Blood Biomarker May Indicate Development of Type 1 Diabetes


Presence of 12-HETE found in the blood of patients with newly-onset diabetes.

Researchers from the 3U Diabetes Consortium, which includes Dublin City University, Maynooth University, and the Royal College of Surgeons in Ireland, have discovered a novel biomarker that may detect Type 1 diabetes.

Type 1 diabetes is a chronic autoimmune disorder that is characterized by the immune system attacking insulin-producing beta cells, which leads to little or no insulin production. Since patients are typically diagnosed in childhood or early adulthood, achieving long-lasting disease control and forming good habits is important for preventing complications.

The condition can progress quickly, and requires that patients manage their glucose levels, food intake, exercise, and insulin levels. While only 5% of all diabetes patients are diagnosed with type 1, early diagnosis and treatment is crucial for living a healthy life, according to the American Diabetes Association. The investigators believe that a new biomarker could lead to earlier diagnoses and, subsequently, better outcomes.

The authors found the presence of 12-HETE in blood samples of newly-diagnosed patients, according to a study published by Diabetic Medicine. Interestingly, the substance was not found in blood samples of patients with established type 1 diabetes.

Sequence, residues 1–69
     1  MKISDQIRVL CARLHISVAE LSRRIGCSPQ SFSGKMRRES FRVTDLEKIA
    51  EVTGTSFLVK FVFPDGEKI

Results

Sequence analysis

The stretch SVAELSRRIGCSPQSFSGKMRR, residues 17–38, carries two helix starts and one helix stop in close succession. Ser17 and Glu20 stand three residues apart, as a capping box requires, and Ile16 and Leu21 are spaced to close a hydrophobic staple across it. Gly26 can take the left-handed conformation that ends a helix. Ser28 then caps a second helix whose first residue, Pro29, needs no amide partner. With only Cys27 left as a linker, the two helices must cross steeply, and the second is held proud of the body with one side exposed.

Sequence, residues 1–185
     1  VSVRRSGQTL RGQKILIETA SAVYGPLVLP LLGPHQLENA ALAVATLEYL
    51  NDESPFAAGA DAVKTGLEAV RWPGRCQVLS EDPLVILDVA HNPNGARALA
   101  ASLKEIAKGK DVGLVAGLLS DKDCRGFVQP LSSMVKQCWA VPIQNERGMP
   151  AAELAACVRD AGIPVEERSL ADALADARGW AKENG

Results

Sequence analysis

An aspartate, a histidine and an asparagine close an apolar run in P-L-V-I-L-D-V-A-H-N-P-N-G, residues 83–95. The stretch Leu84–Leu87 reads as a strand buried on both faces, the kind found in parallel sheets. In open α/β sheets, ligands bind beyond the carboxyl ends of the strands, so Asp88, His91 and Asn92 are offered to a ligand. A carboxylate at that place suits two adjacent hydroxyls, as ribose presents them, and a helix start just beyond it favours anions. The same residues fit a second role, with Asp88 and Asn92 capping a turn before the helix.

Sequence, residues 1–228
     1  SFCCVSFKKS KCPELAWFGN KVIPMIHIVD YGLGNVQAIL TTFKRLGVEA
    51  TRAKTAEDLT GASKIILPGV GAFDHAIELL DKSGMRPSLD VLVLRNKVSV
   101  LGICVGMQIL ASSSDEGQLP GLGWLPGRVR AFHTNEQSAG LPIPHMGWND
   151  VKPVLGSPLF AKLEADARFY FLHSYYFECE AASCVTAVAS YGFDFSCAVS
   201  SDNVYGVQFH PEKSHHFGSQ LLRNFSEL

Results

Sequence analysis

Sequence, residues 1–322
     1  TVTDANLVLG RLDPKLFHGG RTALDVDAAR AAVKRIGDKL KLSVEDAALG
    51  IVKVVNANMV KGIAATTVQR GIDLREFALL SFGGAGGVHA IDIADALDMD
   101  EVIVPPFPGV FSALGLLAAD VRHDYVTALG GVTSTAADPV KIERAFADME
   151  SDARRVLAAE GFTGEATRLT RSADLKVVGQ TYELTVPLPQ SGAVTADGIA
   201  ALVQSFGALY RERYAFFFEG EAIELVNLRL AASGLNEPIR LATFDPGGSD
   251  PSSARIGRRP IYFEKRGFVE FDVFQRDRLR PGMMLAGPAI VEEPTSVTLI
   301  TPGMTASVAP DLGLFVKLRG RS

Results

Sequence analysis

These findings may indicate that 12-HETE is only present when the condition is developing, and shows its potential as a biomarker for the onset of diabetes when used alongside other established factors.

To continue their research, the study authors are now analyzing older blood samples from patients who went on to develop type 1 diabetes.

If they find that 12-HETE is present in the blood prior to diabetes onset, the authors said they believe it could be used to develop a screening test for the general population, according to the study.

Early diagnosis of type 1 diabetes is crucial to preventing life-threatening complications, such as diabetic ketoacidosis, where the body is unable to process sugar and break down fats, which results in high levels of ketones in the blood.

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